In 1751, His Excellency Semyon Naryshkin, Director of Imperial Theatres, decided to give Empress Elizabeth a birthday gift. To accompany hunting, her favourite pastime, he created an orchestra of two dozen hunting horns harmonized in semitones. At the start of the hunt, the Empress was stunned by an unusually forceful, open and unrefined sound of the horn orchestra with no differentiation in terms of timbre. The effect was so powerful that two horn orchestras were immediately founded at the imperial court, and the aristocrats happily followed the Empress’s example.
Horn orchestras became all the rage, gaining huge popularity. The number of unique musical pieces written for horn orchestras grew exponentially and, according to the accounts of people living at the time, they could be combined into tremendously large groups on special occasions. As the result of an aristocratic whim, horn music would soon be transformed into an art form. A unique musical genre – horn music – had been created.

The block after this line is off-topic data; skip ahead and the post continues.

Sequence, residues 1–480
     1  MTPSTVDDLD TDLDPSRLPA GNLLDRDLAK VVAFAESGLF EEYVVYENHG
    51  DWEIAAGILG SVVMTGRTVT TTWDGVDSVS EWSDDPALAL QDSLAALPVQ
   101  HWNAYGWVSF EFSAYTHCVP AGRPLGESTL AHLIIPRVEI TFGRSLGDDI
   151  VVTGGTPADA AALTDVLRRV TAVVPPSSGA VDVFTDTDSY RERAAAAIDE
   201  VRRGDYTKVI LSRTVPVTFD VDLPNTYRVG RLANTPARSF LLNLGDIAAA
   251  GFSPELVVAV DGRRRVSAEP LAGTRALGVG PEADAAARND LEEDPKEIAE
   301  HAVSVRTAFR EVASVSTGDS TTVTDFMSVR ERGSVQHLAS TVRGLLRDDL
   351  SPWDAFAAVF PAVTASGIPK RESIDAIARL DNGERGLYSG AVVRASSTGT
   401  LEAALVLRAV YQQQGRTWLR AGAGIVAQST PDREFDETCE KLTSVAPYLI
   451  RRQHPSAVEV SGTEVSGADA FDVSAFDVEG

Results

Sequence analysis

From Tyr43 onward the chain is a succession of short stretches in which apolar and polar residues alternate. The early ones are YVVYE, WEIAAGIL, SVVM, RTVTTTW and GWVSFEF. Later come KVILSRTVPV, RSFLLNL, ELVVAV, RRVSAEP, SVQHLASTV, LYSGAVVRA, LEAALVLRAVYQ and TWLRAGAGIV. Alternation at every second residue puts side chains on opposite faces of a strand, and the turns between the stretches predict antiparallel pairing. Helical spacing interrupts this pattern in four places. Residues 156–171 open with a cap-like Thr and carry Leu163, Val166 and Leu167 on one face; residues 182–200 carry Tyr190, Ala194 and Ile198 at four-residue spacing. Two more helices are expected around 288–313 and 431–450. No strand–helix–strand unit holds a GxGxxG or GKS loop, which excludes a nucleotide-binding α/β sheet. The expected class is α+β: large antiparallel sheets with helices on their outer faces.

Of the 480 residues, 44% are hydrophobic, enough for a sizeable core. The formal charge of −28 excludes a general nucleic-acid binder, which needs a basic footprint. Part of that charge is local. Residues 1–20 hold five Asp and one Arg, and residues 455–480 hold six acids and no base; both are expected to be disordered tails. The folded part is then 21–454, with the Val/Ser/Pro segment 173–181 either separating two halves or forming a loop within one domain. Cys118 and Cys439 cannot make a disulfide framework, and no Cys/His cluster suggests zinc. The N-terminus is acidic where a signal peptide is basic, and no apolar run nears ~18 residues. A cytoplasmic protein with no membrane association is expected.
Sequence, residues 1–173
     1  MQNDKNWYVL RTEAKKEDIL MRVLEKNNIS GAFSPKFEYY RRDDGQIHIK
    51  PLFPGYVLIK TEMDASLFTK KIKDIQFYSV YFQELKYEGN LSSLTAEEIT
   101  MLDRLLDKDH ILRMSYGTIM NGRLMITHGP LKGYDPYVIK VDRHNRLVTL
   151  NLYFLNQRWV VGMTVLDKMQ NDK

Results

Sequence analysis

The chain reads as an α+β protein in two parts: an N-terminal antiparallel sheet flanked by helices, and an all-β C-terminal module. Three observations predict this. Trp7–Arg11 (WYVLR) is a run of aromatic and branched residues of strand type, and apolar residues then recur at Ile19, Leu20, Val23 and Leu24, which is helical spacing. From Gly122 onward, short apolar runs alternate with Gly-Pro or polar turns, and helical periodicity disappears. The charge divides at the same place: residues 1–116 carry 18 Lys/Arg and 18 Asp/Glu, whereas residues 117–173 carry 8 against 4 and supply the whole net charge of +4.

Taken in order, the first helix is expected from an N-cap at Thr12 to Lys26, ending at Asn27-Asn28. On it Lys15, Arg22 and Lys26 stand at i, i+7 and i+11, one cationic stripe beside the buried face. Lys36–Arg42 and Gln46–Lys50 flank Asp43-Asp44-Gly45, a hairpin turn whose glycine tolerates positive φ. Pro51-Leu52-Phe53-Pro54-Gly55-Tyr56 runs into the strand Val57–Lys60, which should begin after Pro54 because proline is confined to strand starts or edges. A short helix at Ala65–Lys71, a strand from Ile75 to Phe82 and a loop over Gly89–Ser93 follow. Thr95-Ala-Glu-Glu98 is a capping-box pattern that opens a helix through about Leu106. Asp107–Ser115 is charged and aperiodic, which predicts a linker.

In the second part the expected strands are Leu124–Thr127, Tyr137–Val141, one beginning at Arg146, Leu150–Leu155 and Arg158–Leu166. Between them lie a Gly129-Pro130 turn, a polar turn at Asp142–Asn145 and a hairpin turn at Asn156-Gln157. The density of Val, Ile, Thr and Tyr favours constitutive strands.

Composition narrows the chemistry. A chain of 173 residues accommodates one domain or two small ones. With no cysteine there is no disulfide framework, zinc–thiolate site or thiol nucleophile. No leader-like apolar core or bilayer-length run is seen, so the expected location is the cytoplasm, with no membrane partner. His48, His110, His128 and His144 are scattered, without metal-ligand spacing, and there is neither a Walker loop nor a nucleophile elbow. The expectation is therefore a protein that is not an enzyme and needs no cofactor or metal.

For over a hundred years, horn music reigned supreme in Russia, playing a significant role in the country’s cultural life. Horn orchestras played at diplomatic receptions, imperial balls, royal hunts and folk festivals. Horn orchestras performed abroad, stunning their audiences. As time passed, however, European wind and symphony orchestras gradually came into fashion, and horn orchestras receded into oblivion. Performance secrets and scores were lost.
Attempts to revive the horn music based on the “one musician – one instrument – one note” principle had no lasting success. This theoretically simple, but practically complicated performance principle required immense concentration and endless rehearsals on the part of the musician.
Baron Konstantin Stakelberg made a successful attempt to revive horn orchestras: his horn orchestra even played at Alexander III’s coronation in 1882. The set of horns made for the occasion is kept today in Sheremetev Museum Palace in St. Petersburg. The last time these instruments were played was at the coronation of Nicholas II, on May 14, 1896. The horns served as prototypes for the instruments that the Horn Orchestra of Russia plays in the… 21st century.